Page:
All About Neuralgia




All About Neuralgia. In this article, you will get to know about what is neuralgia, what are the types of neuralgia, what are the symptoms of neuralgia, and what are the treatments of neuralgia.

What Is Neuralgia?

By definition, “Neuralgia is pain related to nervous dysfunction”. You should know that there are two main types of pain; nociceptive pain and neuropathic pain.

In the context of nociceptive pain, a pain receptor is stimulated (pressure, inflammation, hot, cold, etc.). “The activated receptor sends a message to the brain via the nerves. It is an excess of painful impulses injected into the nervous system. This type of pain responds to conventional analgesics, like paracetamol, NSAIDs (Anti-Inflammatory Non-Steroids), and morphine.

In the context of neuropathic pain, it is directly the nerve (or the root of this nerve) that gets damaged or compressed and sends a message of pain to the brain. “The feeling is different and the pain does not respond to conventional analgesics. Neuropathic pain can be neuralgia, but there are also neuropathic pains linked to dysfunctions of other parts of the nervous system such as the spinal cord and the brain.

All About Neuralgia - chart

What Are The Types Of Neuralgias?

Many nerves can be affected by neuralgia. Some nerves are more frequently affected than others.

-In cervicobrachial neuralgia: It is a cervical nerve root that is causing the pain.

-In sciatica: It is a lumbar nerve root that is affected by the crisis. In both cases, the pain follows a very precise path which corresponds to the territory of innervation of the root (from the cervical region to the hand for cervicobrachial neuralgia and from the buttock to the foot for sciatica). According to the affected root, the painful course will be different.

-In facial neuralgia: It is the trigeminal nerve that is most often affected during the attack. This motor and sensory nerve innervate a large part of the face. Again, the topography of the pain will depend on the branch affected;

Dental neuralgia corresponds to the irritation of one of the nerves that innervate all the oral elements.

-In Arnold’s neuralgia, the pain follows the course of the occipital nerve and causes pain radiating from the base of the skull to eye level.

-In pudendal neuralgia, the pudendal nerve (formerly called the pudendal nerve) is affected and causes genital and anal pain.

-In carpal tunnel syndrome, the median nerve is compressed as it passes through the carpal tunnel at the wrist. The pain predominates in the first 3 fingers of the hand.

What Are The Symptoms Of Neuralgia?

The pains described by the patient during neuralgia are characteristic sensations of electric shock, tingling, burning, a sensation of painful cold, paralysis or loss of sensitivity in an area, and pain when get touched. These pains are often very difficult to bear. In some neuralgia, there is a trigger zone, that is to say, an area that is when stimulated will awaken the pain. For example, the jaws are a trigger zone in trigeminal neuralgia.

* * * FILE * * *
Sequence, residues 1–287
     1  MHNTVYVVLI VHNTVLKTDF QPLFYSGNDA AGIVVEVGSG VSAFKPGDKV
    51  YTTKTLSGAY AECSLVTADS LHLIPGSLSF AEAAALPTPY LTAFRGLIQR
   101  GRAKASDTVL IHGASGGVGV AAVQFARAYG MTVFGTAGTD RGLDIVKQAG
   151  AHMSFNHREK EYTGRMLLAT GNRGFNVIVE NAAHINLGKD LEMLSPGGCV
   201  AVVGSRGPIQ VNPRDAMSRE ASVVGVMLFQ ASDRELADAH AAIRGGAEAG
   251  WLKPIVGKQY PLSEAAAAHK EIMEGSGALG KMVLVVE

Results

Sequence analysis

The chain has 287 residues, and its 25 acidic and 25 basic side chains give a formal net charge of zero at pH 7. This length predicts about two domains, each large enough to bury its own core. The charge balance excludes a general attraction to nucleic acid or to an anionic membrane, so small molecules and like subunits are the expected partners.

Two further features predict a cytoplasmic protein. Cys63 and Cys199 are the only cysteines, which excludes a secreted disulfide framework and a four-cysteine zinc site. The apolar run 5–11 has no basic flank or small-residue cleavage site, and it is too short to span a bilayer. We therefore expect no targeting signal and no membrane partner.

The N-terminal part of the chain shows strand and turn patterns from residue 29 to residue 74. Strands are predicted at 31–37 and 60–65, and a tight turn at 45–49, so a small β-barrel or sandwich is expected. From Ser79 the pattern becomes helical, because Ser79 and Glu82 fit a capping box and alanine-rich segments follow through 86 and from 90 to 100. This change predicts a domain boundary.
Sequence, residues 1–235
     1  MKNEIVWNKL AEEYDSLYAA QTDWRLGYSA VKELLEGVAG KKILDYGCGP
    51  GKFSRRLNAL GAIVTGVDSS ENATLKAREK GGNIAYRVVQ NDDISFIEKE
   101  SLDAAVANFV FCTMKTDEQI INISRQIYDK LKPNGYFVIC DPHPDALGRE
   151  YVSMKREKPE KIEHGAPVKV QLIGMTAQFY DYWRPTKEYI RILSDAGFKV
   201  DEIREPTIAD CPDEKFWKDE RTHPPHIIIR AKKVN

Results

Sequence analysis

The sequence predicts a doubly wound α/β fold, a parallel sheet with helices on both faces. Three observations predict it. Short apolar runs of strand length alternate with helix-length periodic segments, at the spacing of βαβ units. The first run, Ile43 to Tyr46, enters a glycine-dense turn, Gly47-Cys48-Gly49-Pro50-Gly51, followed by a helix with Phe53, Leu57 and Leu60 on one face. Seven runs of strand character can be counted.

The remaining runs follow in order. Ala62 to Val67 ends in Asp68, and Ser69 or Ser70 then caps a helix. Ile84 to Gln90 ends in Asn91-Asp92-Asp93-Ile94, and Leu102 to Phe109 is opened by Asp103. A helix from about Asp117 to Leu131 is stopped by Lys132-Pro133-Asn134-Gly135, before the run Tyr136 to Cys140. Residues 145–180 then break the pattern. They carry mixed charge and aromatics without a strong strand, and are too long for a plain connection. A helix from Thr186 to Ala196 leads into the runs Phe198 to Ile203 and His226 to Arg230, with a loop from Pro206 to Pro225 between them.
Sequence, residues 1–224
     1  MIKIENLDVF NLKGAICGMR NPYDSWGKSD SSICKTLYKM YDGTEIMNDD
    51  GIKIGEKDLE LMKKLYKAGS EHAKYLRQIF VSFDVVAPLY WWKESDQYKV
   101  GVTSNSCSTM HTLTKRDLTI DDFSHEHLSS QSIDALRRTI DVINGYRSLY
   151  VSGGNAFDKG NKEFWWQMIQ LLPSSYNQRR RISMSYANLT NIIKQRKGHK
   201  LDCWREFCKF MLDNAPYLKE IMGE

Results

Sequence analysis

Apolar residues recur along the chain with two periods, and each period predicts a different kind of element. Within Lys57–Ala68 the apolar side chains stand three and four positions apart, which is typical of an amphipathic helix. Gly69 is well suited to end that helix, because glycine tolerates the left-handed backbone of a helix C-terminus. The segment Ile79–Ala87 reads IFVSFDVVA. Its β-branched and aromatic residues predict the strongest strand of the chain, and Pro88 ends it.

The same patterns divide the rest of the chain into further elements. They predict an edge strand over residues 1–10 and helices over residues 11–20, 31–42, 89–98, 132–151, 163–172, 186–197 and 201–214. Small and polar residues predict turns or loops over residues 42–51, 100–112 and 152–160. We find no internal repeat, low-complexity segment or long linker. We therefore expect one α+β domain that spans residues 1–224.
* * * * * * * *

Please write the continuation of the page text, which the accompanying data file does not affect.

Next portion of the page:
How Is The Diagnosis Of Neuralgia Made?

In neuralgia, the diagnosis is essentially clinical. The examination is based on the description of the pain by the patient.

The topography of the pain also helps in the diagnosis. If the painful area is located on the path of a nerve for example; Para-clinical examinations are sometimes useful in case of doubt or to confirm the exact cause. A scanner or an MRI can visualize the compression of a nerve.

What Are The Causes Of Neuralgia?

Neuralgia is caused by damage to a nerve. However, this damage can take different forms. The nerve can be irritated, damaged, stuck or compressed by several causes.

In certain localizations, the nerves compress more easily. A tumour may be the cause of the compression. It can also be a vascular-nervous conflict. When an artery passes close to a nerve, it can compress it by increasing in volume. Its increase in volume may be due to a malformation, an aneurysmal dilation, an atheroma plaque, or arterial hypertension. It is also possible for an artery to become more sinuous with age.

An autoimmune disease affecting the peripheral nervous system can also cause nerve inflammation and neuralgia. Neuralgia can also be linked to damage to several nerves. Sometimes it is not the nerve itself that is affected but its nerve root. It must also be recognized that the exact cause is not always found.

What Is The Management Of The Cause Of Neuralgia?

When the cause is known, the management of patients involves the treatment of what is causing the crisis. For example, in the case of sciatica related to a herniated disc, the treatment is to manage the herniation via surgery.
In the case of carpal tunnel syndrome, surgery is also necessary to release the median nerve from the carpal tunnel.
In the event of compression of a nerve by a tumour, treatments must be implemented to remove the tumour or reduce its volume.
In the case of inflammatory neuralgia, anti-inflammation can be prescribed. Infiltrations can also be beneficial” enumerates the neurologist.

What Are The Treatments Of Neuralgia?

Neuropathic pain, which includes neuralgia, does not respond to conventional treatments and analgesics (paracetamol, NSAIDs, morphine and its derivatives). Another approach is necessary with drugs from other therapeutic classes that can have an effect on neuropathic pain like antiepileptics, antidepressants, anxiolytics, etc.

There are also non-drug treatments such as transcranial magnetic stimulation. Electromagnetic impulses are sent to the level of the skull. This helps relieve neuropathic pain, whether in the head or elsewhere in the body. Hypnosis and many psychotherapies can also be very useful in the management of these pains.

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